We’re eager to get insight from artists about their work, not only how they make their art, but also what they were thinking and feeling as they were making it. San Francisco artist Bill Abright recently sent us a series of sculptures, which he describes as a whole in his artist statement. He also supplied us with notes on each individual work, describing how he made it and his archetypal thoughts of what the sculpture symbolizes. Here is Abright in his own words:
This series of ceramic sculptures focus on the interplay between the interior space and the exterior form of the human figure. I am curious about what is beneath the surface of things in both the natural and manmade world. I create layers of complex interior spaces suggestive of organs or skeletal structure by combining wheel thrown and hand built ceramic forms into conglomerated recognizable shapes.
My exploration of form through the process of construction and deconstruction reveal cave-like interiors of intentional randomness and infuse my work and my process with continuing discovery. The content and title of each figure develops through insights that present themselves to me throughout the process. Their identity is defined through my empathy for other people but function as self-portraits as well. My figures are a testament to the variety and durability of humanity; still standing despite the burdens, inflictions, disasters and dissections we endure.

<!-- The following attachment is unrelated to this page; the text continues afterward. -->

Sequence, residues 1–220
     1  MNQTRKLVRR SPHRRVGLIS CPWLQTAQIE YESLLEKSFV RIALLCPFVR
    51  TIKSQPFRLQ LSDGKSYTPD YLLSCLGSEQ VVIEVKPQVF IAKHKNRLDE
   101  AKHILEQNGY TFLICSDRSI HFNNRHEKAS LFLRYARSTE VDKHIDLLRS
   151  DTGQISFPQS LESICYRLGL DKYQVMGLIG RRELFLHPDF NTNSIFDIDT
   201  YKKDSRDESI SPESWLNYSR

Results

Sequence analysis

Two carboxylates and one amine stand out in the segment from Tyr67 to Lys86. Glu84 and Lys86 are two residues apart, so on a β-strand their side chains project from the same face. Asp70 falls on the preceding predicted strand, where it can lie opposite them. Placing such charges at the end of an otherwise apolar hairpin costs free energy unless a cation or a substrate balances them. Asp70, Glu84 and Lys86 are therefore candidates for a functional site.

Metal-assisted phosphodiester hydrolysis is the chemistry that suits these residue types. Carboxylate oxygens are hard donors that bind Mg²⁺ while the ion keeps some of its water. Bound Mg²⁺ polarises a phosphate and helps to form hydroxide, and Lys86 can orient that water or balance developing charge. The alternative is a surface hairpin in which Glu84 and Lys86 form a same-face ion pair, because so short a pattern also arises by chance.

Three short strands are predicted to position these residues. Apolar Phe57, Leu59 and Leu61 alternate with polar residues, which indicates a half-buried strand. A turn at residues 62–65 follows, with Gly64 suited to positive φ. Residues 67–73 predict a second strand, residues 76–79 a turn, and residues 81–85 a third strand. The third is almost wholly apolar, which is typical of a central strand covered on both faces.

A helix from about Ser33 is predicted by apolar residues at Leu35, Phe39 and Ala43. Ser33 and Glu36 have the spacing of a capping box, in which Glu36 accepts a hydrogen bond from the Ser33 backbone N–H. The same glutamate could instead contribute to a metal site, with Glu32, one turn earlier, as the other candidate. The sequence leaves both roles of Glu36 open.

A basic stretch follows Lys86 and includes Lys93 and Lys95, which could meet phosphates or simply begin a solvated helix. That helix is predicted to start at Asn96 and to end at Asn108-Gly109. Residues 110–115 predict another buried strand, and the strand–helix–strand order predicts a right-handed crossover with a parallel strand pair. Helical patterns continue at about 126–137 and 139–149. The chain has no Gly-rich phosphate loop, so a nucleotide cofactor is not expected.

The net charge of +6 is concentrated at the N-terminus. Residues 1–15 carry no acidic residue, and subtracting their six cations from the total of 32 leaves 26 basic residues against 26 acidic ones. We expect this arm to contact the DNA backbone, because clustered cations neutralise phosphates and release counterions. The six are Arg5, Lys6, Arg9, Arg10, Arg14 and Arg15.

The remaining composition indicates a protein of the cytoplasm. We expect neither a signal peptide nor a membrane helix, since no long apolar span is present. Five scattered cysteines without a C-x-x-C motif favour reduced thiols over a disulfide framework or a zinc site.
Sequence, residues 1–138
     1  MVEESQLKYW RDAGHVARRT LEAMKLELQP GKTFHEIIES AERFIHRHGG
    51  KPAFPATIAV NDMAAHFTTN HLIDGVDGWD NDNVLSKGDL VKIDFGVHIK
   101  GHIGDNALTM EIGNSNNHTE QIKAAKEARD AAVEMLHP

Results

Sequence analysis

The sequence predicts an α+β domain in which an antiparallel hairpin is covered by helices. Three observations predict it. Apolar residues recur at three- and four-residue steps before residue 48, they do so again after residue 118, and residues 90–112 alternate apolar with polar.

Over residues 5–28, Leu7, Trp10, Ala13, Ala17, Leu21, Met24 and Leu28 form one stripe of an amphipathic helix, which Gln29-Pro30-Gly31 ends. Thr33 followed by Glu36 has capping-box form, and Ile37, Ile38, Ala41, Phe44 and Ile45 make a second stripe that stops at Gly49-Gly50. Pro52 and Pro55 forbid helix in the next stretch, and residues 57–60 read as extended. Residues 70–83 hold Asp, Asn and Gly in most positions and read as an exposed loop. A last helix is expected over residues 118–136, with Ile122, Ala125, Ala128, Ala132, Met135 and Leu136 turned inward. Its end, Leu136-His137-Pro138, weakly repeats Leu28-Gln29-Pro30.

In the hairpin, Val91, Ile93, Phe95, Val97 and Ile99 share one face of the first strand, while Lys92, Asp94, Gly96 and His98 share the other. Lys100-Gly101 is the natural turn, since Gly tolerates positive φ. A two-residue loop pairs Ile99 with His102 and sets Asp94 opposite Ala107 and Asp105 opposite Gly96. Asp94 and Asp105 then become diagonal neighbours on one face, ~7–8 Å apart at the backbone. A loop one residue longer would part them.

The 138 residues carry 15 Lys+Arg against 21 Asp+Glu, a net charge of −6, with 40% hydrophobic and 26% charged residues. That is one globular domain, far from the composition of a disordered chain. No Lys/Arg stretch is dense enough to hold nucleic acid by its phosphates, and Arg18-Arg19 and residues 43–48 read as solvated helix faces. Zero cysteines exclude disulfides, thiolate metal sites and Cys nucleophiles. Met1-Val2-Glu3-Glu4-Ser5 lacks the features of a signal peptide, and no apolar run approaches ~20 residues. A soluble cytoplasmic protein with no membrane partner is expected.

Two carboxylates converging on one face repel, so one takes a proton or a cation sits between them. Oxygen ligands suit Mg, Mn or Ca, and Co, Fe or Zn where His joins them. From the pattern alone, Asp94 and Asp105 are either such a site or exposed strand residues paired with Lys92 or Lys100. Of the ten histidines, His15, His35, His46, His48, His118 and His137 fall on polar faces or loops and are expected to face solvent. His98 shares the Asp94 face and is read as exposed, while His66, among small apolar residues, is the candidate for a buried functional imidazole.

Bill Abright was introduced to clay by Bruce Duke at San Joaquin Delta College in Stockton in the late 60’s. He completed his graduate degree at San Francisco State in 1974 working with Bud McKee, Stephen De Staebler, Joe Hawley and David Kuraoka. Abright has recently retired from teaching ceramics at the College of Marin in Kentfield, CA since 1975 and has been influential in the lives of many artists. He has exhibited throughout the U.S. and his work is in many private and museum collections including the Oakland Museum of California, and the Mint Museum in Charlotte, North Carolina.
Do you love or loathe these works of contemporary ceramic art? Let us know in the comments.